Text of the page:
couple and bridgeIn life, bridges connect us to the future. They provide passage to carry us forward to new discoveries, new opportunities, and renewed relationships.

But crossing a bridge means making a change, and change can be uncomfortable. We’re torn between staying where we are or venturing into the unknown. And often, when given the option to turn back to what is safe and comfortable… we do.

And that’s why we must reach deep inside and gather up the courage to burn some old and useless relationship habits and beliefs so that we can move forward and cross bridges into new ones.

When you cross a new bridge….or burn an old one…you are growing, changing, and evolving. Sure, it’s scary not to know exactly what lies ahead, but as C.S. Lewis said, “There are far, far better things ahead than any we leave behind.”

What bridges do you need to burn? And what bridges are waiting to lead you to new discoveries? There are many opportunities that lie ahead for you – all it takes is having the courage to find which bridges to cross… and which one to burn.

Kathe Skinner is a Marriage & Family Therapist specializing in work with couples.  She and husband David teach Secular Couple Communication Workshops in Colorado Springs throughout the year.  

Copyright 2015, Being Heard LLC

COUNSELING CAN REVIVE YOUR DYING MARRIAGE.

love hearts abstract

Ever feel like the love is gone? 

  • Your partner isn’t the person you fell in love with. 
  • The communication gap between you widens every day.
  • Your partner won’t talk about it.
  • You’ve been unhappy for so long it feels like it’s too late. 
  • Your relationship feels dead.

Since you’re reading this article, it’s likely you still care enough about your partner and your relationship to want to help it — if you only knew how.  

Most marriages should be given a chance to succeed.

Marriage counseling can help you restore the trust and intimacy your relationship once enjoyed so that you’ll both have a secure place to learn techniques and tools that can actually make a difference.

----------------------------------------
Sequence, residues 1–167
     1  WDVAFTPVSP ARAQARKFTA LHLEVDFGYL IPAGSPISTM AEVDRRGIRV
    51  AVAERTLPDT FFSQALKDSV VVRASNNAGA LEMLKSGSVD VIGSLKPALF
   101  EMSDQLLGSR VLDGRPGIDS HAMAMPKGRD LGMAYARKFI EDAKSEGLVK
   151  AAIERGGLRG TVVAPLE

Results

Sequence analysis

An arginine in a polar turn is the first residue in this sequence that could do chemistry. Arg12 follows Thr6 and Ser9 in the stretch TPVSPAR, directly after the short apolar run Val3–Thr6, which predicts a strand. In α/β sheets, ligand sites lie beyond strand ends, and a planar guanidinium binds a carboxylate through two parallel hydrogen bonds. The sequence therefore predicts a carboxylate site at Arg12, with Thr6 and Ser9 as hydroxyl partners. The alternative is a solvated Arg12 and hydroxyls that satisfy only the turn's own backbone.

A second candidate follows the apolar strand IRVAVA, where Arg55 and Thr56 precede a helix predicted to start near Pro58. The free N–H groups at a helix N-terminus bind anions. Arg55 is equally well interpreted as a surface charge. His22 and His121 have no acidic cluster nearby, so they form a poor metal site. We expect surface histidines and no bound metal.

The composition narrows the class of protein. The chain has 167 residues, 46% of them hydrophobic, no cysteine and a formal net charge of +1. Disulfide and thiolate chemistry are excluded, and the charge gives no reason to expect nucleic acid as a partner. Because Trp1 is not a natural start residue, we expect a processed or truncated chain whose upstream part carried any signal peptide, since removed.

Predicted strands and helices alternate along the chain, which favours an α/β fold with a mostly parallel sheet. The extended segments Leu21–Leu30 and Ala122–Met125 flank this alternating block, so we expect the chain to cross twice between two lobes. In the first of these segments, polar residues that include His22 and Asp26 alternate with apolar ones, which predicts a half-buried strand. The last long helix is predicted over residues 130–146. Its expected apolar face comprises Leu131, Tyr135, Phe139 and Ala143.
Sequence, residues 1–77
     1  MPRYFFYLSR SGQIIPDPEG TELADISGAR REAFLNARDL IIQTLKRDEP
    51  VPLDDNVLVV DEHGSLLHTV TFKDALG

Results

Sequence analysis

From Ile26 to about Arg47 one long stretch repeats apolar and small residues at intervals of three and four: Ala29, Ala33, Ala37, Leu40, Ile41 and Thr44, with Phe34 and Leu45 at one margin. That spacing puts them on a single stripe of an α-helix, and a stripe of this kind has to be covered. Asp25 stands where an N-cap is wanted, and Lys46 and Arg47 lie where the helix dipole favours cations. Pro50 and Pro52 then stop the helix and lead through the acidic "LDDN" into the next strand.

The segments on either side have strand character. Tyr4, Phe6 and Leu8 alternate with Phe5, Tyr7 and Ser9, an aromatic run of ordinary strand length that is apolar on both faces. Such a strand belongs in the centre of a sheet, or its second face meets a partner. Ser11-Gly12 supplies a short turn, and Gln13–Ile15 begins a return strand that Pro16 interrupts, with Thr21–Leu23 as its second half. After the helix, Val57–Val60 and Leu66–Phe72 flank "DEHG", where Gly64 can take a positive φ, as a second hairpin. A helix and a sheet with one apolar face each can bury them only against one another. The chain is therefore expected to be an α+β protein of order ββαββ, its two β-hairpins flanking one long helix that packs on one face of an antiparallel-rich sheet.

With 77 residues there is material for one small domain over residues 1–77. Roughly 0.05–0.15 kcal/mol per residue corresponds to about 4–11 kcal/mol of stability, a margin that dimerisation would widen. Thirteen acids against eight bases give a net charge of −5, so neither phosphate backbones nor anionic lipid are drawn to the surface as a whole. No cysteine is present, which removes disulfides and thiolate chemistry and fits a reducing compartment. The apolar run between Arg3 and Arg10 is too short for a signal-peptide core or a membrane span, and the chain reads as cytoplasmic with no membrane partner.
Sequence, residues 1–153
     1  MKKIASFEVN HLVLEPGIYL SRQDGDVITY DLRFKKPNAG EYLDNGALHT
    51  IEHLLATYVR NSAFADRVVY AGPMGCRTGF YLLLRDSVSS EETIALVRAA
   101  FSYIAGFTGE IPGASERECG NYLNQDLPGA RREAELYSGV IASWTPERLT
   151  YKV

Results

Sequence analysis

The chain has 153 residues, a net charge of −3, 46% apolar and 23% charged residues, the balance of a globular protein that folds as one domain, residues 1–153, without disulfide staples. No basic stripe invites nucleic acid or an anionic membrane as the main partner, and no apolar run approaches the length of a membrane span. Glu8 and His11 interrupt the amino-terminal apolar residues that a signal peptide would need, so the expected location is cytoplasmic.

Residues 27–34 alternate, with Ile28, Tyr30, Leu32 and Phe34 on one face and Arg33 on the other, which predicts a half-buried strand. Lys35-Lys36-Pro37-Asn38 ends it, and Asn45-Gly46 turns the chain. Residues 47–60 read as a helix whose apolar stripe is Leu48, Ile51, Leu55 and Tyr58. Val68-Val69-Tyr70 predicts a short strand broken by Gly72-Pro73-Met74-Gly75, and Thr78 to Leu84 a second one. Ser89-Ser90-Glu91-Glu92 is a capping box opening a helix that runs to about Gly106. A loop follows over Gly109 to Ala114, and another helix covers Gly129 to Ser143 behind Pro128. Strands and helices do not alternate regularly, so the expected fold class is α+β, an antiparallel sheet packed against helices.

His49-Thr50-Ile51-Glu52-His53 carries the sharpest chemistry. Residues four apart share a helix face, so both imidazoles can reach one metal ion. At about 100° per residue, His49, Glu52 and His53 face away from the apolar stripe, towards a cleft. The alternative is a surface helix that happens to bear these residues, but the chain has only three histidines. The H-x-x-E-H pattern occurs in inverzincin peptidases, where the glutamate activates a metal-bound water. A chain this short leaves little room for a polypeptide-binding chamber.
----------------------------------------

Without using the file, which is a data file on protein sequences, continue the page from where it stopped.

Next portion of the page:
• Resolve past hurts and painful memories
  • Put an end to endless arguments
  • Overcome differences in parenting styles
  • Improve your intimacy and sex life
  • Heal from an affair
  • Grow closer together
  • Take an active, involved and interested role in the life you’ve created together

Behavioral research is often focused on the clinical effectiveness of couples therapy but the subject of couples therapy is in the out-loud American mainstream, too.  Attention runs the gamut from on-line and print articles, to films like Couples Retreat, to playing supportive roles in television dramas like The Sopranos.  

Most marriage counselors would agree that a couple’s motivation to make their relationship work is the single most important factor in determining the success of couples counseling.  Beware the seduction of obtaining a promise from your partner to “work on the relationship” if one of their feet is out the door.  Breaking up is hard to do, there’s enough hurt to go around, so sometimes one partner “buys time” by agreeing to couples counseling.  Therapy also seems to be less successful for couples who wait too long before seeking help.  Unfortunately, the average number of years a distressed couple waits before seeking help is 6 years.

If you and your partner are serious about creating the best relationship possible, marriage counseling is an excellent way to explore your relationship and help each of you uncover and overcome destructive relational patterns.  Hopefully, before 6 years go by.